Book Review: A Call to Mercy
A Call to Mercy
Hearts to Love, Hands to Serve
By Mother Teresa
Blessed Mother Teresa of Kolkata will be canonized by Pope Francis on September 4th, coinciding with the conclusion of his Year of Mercy jubilee, honoring those engaged in works of mercy. This inspiring book is an ideal way to mark the occasion, reflecting on some of her astounding acts of service and mercy via her own words—shared here in material published posthumously for the first time—and through testimonies of those who worked alongside her.
A Call to Mercy covers each of the seven corporeal and seven spiritual works of mercy, such as feeding the hungry, visiting the imprisoned, and counseling the doubtful. In each chapter, Father Brian Kolodiejchuk has collected some of her unpublished teachings, along with stories from people who worked with the Nobel Prize–winning nun. Each chapter concludes with an opportunity for reflection, whether it’s a prayer, a quote from scripture, or questions for meditation.
Though Mother Teresa died in 1997, it’s amazing how relevant the social issues she grappled with still are. There are always untouchables—in some decades they have leprosy; in others, AIDS; in our era, they are transgender and told not to use the bathroom. There are always refugees, too, from different places, but waves of them. The gaping maw of human need doesn’t close. We need more saints. No, no, Mother Teresa writes, “This is where we need each other. It’s where what we can do, you may not be able to do. But what you can do, we cannot do. If we put these two works together, there can be something beautiful for God.”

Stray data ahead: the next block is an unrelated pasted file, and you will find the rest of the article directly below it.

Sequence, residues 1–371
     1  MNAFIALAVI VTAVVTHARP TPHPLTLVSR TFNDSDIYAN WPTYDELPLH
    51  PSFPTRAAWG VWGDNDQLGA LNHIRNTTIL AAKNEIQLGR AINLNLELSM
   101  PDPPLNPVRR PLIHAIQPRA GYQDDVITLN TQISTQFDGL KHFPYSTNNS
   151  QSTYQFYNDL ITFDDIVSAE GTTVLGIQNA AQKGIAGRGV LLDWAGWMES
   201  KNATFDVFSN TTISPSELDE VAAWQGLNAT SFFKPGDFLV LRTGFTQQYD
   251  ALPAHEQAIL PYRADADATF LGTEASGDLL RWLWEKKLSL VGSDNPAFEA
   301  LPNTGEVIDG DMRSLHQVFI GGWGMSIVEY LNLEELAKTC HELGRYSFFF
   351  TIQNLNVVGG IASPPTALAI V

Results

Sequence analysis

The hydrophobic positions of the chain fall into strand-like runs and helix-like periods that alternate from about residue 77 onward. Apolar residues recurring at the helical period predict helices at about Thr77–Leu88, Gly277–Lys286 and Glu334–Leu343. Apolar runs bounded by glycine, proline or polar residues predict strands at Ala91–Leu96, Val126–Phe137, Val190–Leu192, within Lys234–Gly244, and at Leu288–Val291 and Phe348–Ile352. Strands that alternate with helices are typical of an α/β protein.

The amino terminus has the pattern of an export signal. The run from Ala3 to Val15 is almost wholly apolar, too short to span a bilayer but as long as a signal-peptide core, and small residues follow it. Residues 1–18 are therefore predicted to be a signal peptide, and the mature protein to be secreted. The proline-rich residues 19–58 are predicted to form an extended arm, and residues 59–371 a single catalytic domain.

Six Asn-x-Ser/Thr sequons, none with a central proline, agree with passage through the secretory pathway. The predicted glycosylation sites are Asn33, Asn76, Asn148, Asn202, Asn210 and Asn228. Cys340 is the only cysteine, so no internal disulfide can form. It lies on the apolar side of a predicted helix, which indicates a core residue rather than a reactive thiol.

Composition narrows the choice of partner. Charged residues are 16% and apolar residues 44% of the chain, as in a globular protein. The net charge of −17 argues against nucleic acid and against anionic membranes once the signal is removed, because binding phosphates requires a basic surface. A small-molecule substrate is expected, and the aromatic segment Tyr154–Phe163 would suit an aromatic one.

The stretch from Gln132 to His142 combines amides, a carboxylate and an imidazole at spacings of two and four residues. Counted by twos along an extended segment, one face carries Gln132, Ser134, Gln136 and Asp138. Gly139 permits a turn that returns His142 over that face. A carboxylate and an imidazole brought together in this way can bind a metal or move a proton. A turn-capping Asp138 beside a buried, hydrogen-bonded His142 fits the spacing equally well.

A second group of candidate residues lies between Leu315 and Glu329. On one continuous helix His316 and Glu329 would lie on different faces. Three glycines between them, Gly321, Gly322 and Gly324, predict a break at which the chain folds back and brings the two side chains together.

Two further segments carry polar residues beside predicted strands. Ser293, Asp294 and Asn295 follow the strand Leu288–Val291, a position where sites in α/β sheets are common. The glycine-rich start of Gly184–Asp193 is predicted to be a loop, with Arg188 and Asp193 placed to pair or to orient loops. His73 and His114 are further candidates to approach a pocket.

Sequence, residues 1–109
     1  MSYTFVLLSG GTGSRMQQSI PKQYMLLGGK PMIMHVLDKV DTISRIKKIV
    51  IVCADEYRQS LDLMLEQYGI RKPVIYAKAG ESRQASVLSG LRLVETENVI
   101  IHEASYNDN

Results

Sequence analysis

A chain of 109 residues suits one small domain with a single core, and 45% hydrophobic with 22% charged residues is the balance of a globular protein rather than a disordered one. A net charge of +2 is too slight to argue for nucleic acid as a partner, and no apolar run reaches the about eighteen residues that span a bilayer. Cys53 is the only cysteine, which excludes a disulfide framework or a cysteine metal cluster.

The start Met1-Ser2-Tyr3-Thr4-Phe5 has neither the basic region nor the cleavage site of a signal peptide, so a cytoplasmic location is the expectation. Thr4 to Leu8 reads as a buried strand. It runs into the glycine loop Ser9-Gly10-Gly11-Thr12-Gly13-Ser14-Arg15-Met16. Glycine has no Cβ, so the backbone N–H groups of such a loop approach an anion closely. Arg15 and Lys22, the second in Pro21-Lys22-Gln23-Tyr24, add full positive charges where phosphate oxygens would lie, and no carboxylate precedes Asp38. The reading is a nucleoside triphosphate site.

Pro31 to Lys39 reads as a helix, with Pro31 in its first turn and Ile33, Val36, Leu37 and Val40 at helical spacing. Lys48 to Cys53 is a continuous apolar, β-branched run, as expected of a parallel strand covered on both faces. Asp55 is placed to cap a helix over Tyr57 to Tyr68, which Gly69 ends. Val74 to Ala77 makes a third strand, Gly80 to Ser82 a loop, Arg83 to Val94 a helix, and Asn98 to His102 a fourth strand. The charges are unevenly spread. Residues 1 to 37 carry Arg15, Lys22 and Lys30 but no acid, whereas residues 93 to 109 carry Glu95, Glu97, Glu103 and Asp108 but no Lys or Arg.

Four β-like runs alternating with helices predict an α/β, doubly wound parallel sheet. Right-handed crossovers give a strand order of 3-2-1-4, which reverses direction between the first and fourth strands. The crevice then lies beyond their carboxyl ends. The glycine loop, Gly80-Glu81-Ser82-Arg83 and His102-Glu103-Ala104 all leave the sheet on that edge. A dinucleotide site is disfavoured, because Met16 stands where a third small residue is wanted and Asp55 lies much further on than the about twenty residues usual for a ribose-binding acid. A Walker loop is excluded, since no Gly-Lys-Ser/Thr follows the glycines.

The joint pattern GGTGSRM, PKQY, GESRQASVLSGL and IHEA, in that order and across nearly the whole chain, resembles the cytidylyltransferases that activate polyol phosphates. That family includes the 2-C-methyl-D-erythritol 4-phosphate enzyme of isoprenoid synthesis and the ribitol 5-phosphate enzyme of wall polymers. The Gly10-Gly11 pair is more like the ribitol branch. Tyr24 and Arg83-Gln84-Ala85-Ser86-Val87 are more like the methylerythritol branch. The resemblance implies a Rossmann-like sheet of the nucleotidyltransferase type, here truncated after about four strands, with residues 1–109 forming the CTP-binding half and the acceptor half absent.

It’s hard to comprehend how she could have such superhuman fortitude; such unbelievable selflessness; such passion for Christ; such an ability to transcend physical disgust. Then you realize, Ah, of course. That’s what makes her a saint.